When Lord Buddha trained as an ascetic for six years, He undertook the principles of those subjects that He studied, testing them and searching for the truth, but enlightenment did
not result. They only made His heart agitated, puffed up with pride and restless. Even the completion of that way of asceticism did not result in renunciation and freedom, and so was not able to guide the Lord to enlightenment.

When the Lord Buddha allowed Himself to proceed along the lines of JHĀNASAMĀDHI – which He had experienced by accident (having no teacher) whilst a child – His Citta became calm and could enter Jhāna. In this way, He attained BODHIÑANA(Enlightenment) and became a SAMMĀSAMBUDDHA (One Enlightened by Himself). This demonstrates that the practice of Jhāna Samādhi Magga is the means to cleanse away the Kilesa ĀRAMMANA, the things which defile the Citta, thus leaving the Citta pure, radiant and solitary. When radiance and clarity are normal to the Citta, other things apart from the Citta (i.e., the
Kilesa and all Dhamma) that arise in the present will be seen clearly, at a single point. This knowledge has the purpose of cleansing and purifying the heart, so that it receives the pure and genuine Dhamma. This then conforms with the Buddhist saying:

In general terms, it can be said that all Dhamma arise and
appear at the heart and are known only because of the heart
(PACCATAṀ). Therefore, the heart is more precious than
anything else because the heart is the one that brings success
to all deeds.

It can be seen from this quote that, like his peers, he described enlightenment as cleansing the Heart of foreign invaders, the defilements. He did not speak about it as merely cessation of defilement because, as he wrote in the above, after cessation is accomplished, the Citta is pure, radiant and solitary.

As a footnote, he also said that this pure, radiant and solitary Citta is ANATTA! There is no “self” associated with it. It belongs to no-one.

Ajahn Maha Boowa said, “The Citta itself is never born and never dies.”

I will add that one point that I am yet to see in any of these threads is the Knowing nature of the Citta can have no External Object. In other words, this Citta is not the Citta of the six senses (which define the word Vinnana). In this case, the Citta simply knows itself - its knowing nature turns back on itself. Deep Samadhi gives the meditator a glimpse of this but even that glimpse is infiltrated by Moha and so is not the insight that gives rise to Maggasamangi.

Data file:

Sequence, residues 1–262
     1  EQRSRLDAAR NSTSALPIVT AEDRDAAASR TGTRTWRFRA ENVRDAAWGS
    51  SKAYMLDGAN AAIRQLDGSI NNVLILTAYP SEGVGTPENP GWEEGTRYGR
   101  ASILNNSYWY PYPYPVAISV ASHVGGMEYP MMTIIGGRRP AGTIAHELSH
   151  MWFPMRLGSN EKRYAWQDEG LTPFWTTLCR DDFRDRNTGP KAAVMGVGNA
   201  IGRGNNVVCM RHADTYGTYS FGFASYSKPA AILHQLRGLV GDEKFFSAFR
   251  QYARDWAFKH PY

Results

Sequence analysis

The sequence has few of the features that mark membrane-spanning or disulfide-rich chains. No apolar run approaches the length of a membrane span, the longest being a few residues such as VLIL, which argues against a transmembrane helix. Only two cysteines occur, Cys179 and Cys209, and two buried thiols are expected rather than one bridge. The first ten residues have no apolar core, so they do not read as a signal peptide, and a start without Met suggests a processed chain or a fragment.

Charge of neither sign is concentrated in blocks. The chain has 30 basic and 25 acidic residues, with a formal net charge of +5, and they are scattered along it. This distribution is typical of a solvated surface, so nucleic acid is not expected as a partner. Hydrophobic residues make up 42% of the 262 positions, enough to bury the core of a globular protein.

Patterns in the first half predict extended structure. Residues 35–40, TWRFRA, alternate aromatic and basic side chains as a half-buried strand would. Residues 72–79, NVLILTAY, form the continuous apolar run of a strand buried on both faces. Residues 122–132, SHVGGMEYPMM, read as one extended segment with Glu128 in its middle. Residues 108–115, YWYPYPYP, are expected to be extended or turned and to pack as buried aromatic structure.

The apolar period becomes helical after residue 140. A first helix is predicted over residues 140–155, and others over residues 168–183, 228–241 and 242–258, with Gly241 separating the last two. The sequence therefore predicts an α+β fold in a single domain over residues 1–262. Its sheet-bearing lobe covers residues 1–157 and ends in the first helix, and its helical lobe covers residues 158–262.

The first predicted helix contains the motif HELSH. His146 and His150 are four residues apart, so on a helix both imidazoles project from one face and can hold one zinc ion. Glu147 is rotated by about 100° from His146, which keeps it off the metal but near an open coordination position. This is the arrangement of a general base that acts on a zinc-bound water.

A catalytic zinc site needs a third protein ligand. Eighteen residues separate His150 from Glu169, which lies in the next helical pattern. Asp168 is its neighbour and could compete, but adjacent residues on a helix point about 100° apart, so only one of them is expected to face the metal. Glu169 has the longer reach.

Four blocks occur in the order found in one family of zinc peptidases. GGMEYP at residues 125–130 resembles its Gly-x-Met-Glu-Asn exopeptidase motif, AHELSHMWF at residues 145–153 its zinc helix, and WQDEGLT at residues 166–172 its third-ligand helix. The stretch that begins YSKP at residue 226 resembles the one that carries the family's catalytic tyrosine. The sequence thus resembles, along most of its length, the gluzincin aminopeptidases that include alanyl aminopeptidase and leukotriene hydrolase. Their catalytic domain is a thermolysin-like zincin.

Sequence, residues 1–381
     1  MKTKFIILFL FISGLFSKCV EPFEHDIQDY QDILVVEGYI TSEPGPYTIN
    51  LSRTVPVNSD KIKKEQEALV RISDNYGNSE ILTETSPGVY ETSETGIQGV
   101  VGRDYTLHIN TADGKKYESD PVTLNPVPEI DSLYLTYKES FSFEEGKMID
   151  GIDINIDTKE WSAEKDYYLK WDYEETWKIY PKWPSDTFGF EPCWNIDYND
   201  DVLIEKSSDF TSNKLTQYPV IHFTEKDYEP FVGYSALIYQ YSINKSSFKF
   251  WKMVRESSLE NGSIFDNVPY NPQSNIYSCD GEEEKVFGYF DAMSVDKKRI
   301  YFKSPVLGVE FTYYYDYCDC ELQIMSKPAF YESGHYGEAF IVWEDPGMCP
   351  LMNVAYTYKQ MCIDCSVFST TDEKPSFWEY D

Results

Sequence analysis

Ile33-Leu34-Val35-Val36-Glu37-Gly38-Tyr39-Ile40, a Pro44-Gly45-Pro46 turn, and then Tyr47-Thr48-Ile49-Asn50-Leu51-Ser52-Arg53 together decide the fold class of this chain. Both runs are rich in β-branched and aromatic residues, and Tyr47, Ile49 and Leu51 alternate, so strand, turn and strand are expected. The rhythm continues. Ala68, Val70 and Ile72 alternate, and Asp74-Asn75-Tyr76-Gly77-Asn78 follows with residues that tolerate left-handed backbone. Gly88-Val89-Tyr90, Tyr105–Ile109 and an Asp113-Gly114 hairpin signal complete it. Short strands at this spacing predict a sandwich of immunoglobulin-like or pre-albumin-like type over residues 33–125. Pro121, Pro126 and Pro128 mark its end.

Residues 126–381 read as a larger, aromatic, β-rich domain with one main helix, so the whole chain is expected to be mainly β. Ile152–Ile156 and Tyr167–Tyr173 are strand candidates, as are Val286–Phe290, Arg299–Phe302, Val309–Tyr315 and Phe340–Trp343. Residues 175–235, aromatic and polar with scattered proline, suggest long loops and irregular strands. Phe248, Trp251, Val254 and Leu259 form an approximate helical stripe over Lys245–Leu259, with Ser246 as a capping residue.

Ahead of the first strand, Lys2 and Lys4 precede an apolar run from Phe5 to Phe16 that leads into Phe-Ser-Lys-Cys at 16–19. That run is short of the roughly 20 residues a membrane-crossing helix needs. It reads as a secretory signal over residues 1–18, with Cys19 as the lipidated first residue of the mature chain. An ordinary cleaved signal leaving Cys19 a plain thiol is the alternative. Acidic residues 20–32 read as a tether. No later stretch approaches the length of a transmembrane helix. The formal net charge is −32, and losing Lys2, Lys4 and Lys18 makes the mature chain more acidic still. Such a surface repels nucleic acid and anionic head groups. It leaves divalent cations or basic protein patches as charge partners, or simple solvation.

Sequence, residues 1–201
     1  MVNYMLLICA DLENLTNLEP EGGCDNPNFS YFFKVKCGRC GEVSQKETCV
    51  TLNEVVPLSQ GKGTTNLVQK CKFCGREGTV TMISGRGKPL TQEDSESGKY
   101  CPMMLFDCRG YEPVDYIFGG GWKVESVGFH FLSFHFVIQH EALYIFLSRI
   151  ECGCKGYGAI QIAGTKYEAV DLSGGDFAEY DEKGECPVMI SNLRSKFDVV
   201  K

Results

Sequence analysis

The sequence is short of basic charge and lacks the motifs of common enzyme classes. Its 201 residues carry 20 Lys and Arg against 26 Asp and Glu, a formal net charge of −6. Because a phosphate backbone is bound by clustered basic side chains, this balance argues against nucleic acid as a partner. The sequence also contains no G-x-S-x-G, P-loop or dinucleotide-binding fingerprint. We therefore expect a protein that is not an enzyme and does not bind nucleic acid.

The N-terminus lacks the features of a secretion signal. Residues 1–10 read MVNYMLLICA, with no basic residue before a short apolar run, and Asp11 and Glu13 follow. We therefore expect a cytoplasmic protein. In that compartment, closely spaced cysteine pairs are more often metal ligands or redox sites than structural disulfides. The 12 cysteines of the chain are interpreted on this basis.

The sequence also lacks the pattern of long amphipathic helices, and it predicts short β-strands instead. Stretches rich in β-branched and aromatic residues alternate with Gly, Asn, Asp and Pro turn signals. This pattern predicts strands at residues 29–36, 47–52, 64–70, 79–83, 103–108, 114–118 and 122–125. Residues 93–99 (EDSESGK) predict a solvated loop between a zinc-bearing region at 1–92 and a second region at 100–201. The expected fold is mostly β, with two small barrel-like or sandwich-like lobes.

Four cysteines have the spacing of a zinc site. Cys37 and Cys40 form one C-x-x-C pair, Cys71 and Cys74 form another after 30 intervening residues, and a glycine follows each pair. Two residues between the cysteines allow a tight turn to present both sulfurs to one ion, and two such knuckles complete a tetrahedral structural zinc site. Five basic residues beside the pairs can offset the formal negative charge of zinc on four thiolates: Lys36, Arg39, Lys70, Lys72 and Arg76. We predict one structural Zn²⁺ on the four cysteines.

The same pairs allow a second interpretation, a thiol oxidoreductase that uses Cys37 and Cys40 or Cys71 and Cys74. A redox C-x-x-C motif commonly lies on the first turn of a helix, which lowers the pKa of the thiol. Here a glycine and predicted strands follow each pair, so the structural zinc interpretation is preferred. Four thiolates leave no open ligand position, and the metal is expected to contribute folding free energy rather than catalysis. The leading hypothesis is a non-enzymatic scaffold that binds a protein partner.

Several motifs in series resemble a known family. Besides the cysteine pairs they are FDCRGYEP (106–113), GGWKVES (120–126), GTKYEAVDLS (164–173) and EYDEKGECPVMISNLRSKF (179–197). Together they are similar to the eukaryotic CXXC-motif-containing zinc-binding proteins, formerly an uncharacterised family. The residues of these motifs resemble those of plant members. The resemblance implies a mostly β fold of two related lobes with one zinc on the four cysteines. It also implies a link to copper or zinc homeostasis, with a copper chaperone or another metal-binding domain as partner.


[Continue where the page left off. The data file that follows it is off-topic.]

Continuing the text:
In my opinion the EBT, real life, practice, shows that there are really factors that limit the mind. The sutta’s describe them as anusaya, asava, tanha, kilesa. I think we all can be able to recognise these factors in our own mind. And we are able to see and understand that they actually limit our understanding, compassion, love when they arise and start to dominate our thinking, speaking and acting.

For one who wants to be a light for him/herself, for others, for the world, an island, a friend, Buddha-like, he/she will naturally incline to seek methods, wisdom, skillful means to abandon those limiting factors like greed, obsessions, drift, blind will, hate, ill will, ego conceit etc.
This will be a daily routine and is a heartfelt wish. It is not really important that one fails from time to time. Important is to continue.

Nothing substantial, nothing of great worth, nothing really me, mine, my self will get lost. Only such things as becoming unfriendly, alieniation, depersonalisation, partiallity, immoralilty, judging and measuring, becoming insensitive, inner conflict, violent tendencies etc. will get lost. Nothing of worth.

It is not really difficult to understand that all what limits the mind is never me, mine, my self (AN1.51)
It is just bagage collected over many lifes and/or picked up in this life. Loosing bagage is not loosing oneself but loosing the things that weight upon oneself.

But it is also very clear that we humans are identified with the weight. And this is the challenge to progress. To be a truly Dhamma practioner one cannot, i feel, hold on to those causes and conditions that cause of weight upon oneself. That is not easy. I have struggled with this for long in ups and downs.
It might sound totally irrational but still it is not easy to give up suffering and its causes because it also gives meaning to our lifes, a sense of identity, grip.

It is, ofcourse, very clear that the EBT teach that when mind is released from its limiting factors it is taught as unbound, free, pliant, stable, without limits, the fire has ceased, it is cool.
That coolness is it happiness, its burdenfree-ness. It is like fire not agitated anymore.